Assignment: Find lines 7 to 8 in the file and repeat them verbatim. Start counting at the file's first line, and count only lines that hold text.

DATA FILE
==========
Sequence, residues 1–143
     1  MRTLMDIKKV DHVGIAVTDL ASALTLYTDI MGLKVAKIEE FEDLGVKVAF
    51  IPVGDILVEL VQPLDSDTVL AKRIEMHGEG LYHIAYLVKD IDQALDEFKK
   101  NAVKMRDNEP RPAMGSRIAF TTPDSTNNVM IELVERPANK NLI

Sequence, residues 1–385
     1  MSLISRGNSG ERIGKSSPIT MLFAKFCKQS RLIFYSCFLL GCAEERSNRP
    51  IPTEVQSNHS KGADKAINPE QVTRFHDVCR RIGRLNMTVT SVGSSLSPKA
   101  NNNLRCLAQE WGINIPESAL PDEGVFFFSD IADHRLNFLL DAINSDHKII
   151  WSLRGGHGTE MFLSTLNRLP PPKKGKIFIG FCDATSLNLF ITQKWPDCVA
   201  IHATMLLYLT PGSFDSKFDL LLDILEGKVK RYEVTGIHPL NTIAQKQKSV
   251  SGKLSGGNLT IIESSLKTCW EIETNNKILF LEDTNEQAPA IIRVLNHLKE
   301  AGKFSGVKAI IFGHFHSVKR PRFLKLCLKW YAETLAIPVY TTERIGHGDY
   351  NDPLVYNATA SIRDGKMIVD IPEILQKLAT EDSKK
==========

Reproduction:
    51  IPTEVQSNHS KGADKAINPE QVTRFHDVCR RIGRLNMTVT SVGSSLSPKA
   101  NNNLRCLAQE WGINIPESAL PDEGVFFFSD IADHRLNFLL DAINSDHKII